Commonwealth Games gold medallist Robbie Renwick believes the opportunities given by sport outweigh any sacrifices he has had to make.
Renwick was at a BBC Get Inspired Q&A alongside Olympic snowboarder Lesley McKenna and BMX expert Keelan Phillips.
"I really don't like the word sacrifice," he told the audience of 16-18 year olds in Dundee.
"I've been given so many opportunities that I would never, ever have done if I wasn't for swimming."
The two-time Olympian was answering questions at the Dundee International Sports Centre, at a BBC Get Inspired event hosted by comedian Sanjeev Kohli.
Scores of young people spent the day trying out a variety of sports at the BBC Active Academy.
"I travelled around the world, competed against the best swimmers in the world," said Renwick. "How many 27-year-olds can say they've done that?
"It's a case of keeping a balance in your life, not sacrificing anything at all."
'Having fun is key'
Renwick, who is pushing for a place at the 2016 Rio Olympics, said enjoyment is the main ingredient for success.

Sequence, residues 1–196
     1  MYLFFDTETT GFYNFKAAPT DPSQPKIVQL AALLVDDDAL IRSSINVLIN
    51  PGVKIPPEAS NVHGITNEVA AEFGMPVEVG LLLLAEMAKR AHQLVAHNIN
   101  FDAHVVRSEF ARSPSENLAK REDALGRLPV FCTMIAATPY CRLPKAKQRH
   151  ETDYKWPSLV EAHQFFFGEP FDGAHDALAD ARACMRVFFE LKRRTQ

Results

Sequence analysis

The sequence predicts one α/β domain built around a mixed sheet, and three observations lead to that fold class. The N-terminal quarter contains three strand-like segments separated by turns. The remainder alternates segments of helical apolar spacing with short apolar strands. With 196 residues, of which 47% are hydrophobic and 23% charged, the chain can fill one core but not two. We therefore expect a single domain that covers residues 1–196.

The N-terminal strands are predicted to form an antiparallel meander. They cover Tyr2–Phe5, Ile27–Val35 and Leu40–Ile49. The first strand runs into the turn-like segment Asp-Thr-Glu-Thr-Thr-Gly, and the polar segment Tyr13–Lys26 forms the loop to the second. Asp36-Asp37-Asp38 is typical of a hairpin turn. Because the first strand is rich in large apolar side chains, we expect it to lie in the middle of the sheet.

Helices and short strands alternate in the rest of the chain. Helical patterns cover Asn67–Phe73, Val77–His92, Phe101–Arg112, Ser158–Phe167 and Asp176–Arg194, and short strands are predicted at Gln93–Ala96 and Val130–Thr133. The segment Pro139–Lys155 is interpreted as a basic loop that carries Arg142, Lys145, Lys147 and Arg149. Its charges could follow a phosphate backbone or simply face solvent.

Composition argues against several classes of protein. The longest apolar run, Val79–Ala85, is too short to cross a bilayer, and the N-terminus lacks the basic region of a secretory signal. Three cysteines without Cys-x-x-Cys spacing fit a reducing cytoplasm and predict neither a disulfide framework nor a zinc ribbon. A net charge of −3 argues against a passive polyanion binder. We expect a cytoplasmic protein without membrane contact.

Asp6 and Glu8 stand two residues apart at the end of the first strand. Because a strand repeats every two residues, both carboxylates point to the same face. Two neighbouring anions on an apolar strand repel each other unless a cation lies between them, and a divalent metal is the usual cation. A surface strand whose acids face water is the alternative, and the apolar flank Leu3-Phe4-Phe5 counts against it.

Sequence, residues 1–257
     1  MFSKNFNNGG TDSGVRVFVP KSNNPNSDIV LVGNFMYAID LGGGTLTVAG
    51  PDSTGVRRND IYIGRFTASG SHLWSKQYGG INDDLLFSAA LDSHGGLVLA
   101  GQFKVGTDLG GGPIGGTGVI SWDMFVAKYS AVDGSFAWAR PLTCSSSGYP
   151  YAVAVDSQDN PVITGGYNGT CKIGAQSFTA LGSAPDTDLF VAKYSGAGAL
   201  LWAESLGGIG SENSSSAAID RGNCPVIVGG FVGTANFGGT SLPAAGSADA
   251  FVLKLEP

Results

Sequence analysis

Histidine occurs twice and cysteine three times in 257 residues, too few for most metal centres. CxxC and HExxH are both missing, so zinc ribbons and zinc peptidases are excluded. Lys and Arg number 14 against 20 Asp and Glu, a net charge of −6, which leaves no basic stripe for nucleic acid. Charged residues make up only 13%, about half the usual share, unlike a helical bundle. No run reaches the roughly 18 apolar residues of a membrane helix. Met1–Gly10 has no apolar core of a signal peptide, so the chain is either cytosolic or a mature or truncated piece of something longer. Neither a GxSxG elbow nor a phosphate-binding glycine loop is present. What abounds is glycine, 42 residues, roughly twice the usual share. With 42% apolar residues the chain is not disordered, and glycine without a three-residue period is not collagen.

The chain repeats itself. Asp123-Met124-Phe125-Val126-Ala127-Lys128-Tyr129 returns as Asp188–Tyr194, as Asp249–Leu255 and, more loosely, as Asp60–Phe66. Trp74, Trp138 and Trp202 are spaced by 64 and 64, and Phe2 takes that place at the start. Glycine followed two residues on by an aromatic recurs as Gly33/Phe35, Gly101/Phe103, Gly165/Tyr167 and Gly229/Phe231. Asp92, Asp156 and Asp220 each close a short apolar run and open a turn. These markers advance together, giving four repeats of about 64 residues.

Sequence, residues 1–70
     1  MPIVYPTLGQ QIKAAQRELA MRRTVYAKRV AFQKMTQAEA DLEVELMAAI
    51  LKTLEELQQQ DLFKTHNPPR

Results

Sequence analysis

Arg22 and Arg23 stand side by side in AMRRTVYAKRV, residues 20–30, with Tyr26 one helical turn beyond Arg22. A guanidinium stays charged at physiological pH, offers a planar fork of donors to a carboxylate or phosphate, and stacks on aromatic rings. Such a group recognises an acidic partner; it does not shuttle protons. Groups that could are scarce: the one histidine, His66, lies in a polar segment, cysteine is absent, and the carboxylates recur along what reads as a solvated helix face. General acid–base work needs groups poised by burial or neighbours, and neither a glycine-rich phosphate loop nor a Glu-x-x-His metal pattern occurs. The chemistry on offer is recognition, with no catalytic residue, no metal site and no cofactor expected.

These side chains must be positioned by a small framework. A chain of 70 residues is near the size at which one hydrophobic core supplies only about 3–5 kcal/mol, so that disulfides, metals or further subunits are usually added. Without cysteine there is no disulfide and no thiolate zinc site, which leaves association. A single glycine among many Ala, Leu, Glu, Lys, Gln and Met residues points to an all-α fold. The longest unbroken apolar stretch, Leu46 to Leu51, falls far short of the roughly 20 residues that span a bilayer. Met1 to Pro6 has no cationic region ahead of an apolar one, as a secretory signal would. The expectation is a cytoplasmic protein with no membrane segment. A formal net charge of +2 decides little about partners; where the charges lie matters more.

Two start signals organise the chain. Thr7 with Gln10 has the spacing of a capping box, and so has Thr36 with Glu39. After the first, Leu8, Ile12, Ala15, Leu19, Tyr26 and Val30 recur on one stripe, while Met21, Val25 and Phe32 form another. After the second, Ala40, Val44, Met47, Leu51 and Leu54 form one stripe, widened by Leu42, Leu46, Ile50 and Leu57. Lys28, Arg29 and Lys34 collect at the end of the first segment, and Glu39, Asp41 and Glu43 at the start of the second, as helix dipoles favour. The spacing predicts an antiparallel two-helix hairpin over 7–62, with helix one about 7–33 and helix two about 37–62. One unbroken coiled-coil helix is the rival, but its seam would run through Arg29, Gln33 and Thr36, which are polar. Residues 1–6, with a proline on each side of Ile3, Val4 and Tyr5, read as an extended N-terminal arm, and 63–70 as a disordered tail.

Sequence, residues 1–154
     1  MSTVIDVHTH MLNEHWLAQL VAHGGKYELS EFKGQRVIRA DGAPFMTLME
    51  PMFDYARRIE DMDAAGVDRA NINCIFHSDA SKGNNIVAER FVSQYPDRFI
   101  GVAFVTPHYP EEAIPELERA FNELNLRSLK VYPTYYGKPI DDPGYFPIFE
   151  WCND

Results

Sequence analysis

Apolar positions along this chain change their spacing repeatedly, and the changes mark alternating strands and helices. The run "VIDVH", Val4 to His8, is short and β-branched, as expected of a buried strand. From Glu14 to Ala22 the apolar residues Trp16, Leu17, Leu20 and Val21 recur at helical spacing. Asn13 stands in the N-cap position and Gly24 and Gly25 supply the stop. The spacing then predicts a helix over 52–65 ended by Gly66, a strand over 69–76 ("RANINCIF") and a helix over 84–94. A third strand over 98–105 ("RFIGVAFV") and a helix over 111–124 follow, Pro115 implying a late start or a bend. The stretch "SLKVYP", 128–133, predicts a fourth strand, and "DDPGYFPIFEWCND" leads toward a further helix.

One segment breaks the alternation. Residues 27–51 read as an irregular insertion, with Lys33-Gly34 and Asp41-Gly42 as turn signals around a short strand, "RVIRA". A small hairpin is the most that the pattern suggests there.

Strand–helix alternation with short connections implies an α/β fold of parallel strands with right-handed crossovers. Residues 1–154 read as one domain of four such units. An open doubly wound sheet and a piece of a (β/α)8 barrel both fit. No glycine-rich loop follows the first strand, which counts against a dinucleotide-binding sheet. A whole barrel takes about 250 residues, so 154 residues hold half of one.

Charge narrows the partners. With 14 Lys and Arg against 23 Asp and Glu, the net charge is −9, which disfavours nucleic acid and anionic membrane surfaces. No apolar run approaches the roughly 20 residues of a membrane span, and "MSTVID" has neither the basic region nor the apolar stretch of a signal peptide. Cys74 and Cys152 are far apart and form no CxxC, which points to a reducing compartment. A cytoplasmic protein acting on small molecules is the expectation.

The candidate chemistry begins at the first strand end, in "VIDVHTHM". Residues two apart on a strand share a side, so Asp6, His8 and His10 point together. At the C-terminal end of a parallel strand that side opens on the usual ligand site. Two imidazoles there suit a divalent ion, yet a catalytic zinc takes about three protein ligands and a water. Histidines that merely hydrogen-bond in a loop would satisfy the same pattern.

"You've got to have fun with what you're doing," he said. "If not, you're simply not going to be good at what you're doing.
"If your parents are pushing you into something you're not going to enjoy it.
"There are so many fantastic sports out there - don't just follow suit and go into football, give other sports a go."
Described as a breakdancer on a bike, Keelan Phillips is the UK's top flatland rider. The Leicester-based BMX expert has won contests around the world and his films get watched by up to half a million people.
Asked how he coped with the pressure of competition, he admitted he had resorted to unusual methods.
"I hate competing," he said. "I used to get nervous a lot. Everything's on the line. I went to get hypnotised and it worked. I get less nervous now."
'Do it for yourself'
It was mastery of a snowboard that saw Lesley McKenna become a three-time Olympian and winner of two World Cup events. She now coaches the next generation of world-class snowboarders.
The 41-year-old urged people to stick at a sport, arguing enjoyment is more important than success when you are young.
"We do see a massive drop-off around 14 15, and people have the perception you've got to be really successful at something to keep doing it.
"But if it's fun, and you're passionate about it, there are definitely ways to stay involved. You don't have to make the national team or compete in World Cups - you can just do it for yourself."